DUBAI - Released today at the Arabian Travel Market (ATM), Deloitte & Touche’s annual review of hotel performance throughout the Middle East & Africa indicates 2002 was a challenging year for the hotel industry across the region still reeling from the recession of 2001 and the changing travel patterns following the events of September 11. For the full year of 2002, Middle East hotels across the region reported an average increase in revPAR of 5.2% over 2001 levels. A 5.5% increase in occupancy was offset by a 0.3% fall in average room rates, as hoteliers sought to discount rates to stimulate demand in these tough trading conditions. The trend in North Africa was somewhat different, with overall revPAR declining 3.3% over 2001 levels. Despite a 5.1% increase in occupancy, average room rates fell 8% as hoteliers discounted rates in order to stimulate demand.
According to the HotelBenchmark Survey most countries within the Middle East managed to improve revPAR during 2002 with four markets reporting double-digit growth. Of the 28 markets monitored on the survey nearly 60% managed to improve revPAR during these difficult times. Kuwait and Beirut were the regions star performers reporting increases in revPAR of over 19%. Bahrain and Riyadh also reported double-digit revPAR growth of 10%. The increase in revPAR was generally driven by a growth in occupancy rather than an improvement in average rate.
Hotels on Jumeirah Beach Dubai enjoyed the highest revPAR in the region for a fourth year in succession at US$121, up 8.5%. Occupancy levels have recovered to 2000 levels although the average rate is still under pressure with rates an average of US$7 lower than those achieved in 2000. The absence of any new additions to supply during 2002 helped support the 7.9% recovery in occupancy levels. Encouragingly, the five-star sector on Jumeirah Beach has consistently increased its performance in terms of revPAR, despite the addition of nearly 1,100 five-star rooms in the last five years. Hotels in the city centre also experienced strong demand growth during 2002 with occupancy increasing 8.7%. This performance was all the more encouraging given the addition of the 393-room Fairmont hotel to the market.
Hotels in Egypt came under significant pressure during 2002 with revPAR falling 13.6% in US dollar terms. Unlike many other Middle Eastern countries the Egyptian Pound is not linked to the US dollar and so exchange rate differentials hampered performance, as in local currency Egyptian hotels managed to curtail the decline in revPAR to just 0.6%. The performance in Egypt has not recovered since the events of September 11. Although the occupancies in most markets have been stable, the average rate in US dollar terms has declined as many hotels contracted competitive rates with the European tour operators anticipating reduced visitations in the aftermath of the attacks on the World Trade Centre. Luxor reported a 21.3% decline in the average rate for 2002 whilst the decline in Cairo was 20.6% and in Hurghada 15.1%. Although hotels in Sharm el-Sheikh experienced a fall in average room rate of 14.5%, this was offset by a 22.4% improvement in occupancy, so leaving the city with positive revPAR growth for the year.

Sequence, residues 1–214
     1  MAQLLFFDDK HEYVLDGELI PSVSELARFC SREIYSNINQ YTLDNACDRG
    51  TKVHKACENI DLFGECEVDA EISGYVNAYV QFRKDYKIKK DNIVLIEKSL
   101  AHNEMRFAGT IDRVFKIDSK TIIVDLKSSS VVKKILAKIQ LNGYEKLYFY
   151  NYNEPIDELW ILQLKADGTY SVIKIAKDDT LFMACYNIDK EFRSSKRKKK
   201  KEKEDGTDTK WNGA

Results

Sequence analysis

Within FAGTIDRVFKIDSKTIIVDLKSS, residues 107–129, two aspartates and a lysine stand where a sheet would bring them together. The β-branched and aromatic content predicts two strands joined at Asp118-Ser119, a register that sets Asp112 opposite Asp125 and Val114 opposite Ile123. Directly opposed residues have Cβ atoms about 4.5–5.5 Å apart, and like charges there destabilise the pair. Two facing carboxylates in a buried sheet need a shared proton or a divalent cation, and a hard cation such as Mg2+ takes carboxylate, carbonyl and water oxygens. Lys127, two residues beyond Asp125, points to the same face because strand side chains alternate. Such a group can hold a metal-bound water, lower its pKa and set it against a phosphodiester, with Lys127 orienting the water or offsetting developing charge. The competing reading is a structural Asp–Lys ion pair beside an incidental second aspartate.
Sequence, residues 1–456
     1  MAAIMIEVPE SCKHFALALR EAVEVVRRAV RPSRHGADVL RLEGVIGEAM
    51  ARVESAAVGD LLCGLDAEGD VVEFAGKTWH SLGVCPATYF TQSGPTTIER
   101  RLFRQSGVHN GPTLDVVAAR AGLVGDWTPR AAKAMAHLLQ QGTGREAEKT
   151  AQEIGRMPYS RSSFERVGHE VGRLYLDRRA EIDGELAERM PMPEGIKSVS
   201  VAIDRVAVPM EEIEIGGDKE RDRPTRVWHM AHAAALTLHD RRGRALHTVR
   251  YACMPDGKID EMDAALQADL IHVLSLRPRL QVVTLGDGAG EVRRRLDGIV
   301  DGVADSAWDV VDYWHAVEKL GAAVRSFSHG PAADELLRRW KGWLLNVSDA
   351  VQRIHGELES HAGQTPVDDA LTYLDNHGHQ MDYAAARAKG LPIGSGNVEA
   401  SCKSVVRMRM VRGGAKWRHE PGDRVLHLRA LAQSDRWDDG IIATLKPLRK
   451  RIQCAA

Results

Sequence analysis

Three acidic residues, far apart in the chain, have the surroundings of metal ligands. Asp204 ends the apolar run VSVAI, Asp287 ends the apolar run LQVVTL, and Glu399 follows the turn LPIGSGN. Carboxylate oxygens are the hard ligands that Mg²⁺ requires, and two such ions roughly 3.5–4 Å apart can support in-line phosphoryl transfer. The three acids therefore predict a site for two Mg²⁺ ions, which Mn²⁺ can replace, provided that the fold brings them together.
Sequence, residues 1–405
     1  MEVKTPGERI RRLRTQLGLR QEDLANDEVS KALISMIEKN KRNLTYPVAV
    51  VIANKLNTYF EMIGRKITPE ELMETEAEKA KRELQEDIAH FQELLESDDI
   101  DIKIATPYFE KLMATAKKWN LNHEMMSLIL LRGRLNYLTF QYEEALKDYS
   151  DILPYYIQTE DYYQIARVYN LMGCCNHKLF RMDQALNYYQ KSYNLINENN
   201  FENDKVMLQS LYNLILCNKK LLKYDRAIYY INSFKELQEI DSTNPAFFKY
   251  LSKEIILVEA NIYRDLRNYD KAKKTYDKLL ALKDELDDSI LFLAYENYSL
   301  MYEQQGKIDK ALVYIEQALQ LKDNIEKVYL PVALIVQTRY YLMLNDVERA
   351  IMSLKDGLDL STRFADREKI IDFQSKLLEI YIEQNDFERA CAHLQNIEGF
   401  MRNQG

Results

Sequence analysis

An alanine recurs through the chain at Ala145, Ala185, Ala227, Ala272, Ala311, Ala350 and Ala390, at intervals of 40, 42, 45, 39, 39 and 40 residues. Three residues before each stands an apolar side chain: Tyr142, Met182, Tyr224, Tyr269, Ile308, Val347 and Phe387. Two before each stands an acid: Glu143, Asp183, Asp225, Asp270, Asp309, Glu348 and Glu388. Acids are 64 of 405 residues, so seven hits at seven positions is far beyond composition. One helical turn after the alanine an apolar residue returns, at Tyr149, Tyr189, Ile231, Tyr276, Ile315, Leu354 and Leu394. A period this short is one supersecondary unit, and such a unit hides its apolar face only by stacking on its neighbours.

Commenting on the results, Julia Felton, director of travel, tourism and leisure at Deloitte & Touche said, “Given the tough trading conditions during 2002 - with the three major global economies spluttering and the consequences of the US corporate accounting scandals, the industry had much to focus on in the early part of the year. Despite an overall 10.6% increase in international tourism arrivals to the region during 2002, the industry had to adapt to changing demand patterns as corporate demand dwindled and was replaced by lower-rated leisure demand. This put average room rates under pressure as hoteliers sought to adjust to this shift in business mix. The first three months of 2003 have also been tough with revPAR falling 22.9% in March as many travellers opted to defer travel plans until a resolution in Iraq was evident. We are however, hopeful for the longer-term prospects in the region as many governments seek to diversify their primarily oil-based economies by developing their tourism products. This in turn should increase the profitability of hotels in the region, provided that supply growth does not exceed the expected increase in demand.
Copies of the HotelBenchmark Survey Annual Review - Middle East 2003 are priced at £250 per copy and are available by e-mailing us at [email protected]
or telephoning us on +44 20 7007 3974.
The HotelBenchmark Survey contains the largest independent source of hotel performance data outside of North America and tracks the performance of over 6,000 hotels. The HotelBenchmark Survey - Middle East & Africa collects occupancy and average room rate data from over 400 hotels representing nearly 90,000 rooms every month, making it largest independently run hotel performance survey in the region. For further information or details on how to join the survey please visit us www.HotelBenchmark.com
or contact Lorna Clarke on +44 207 438 2870.
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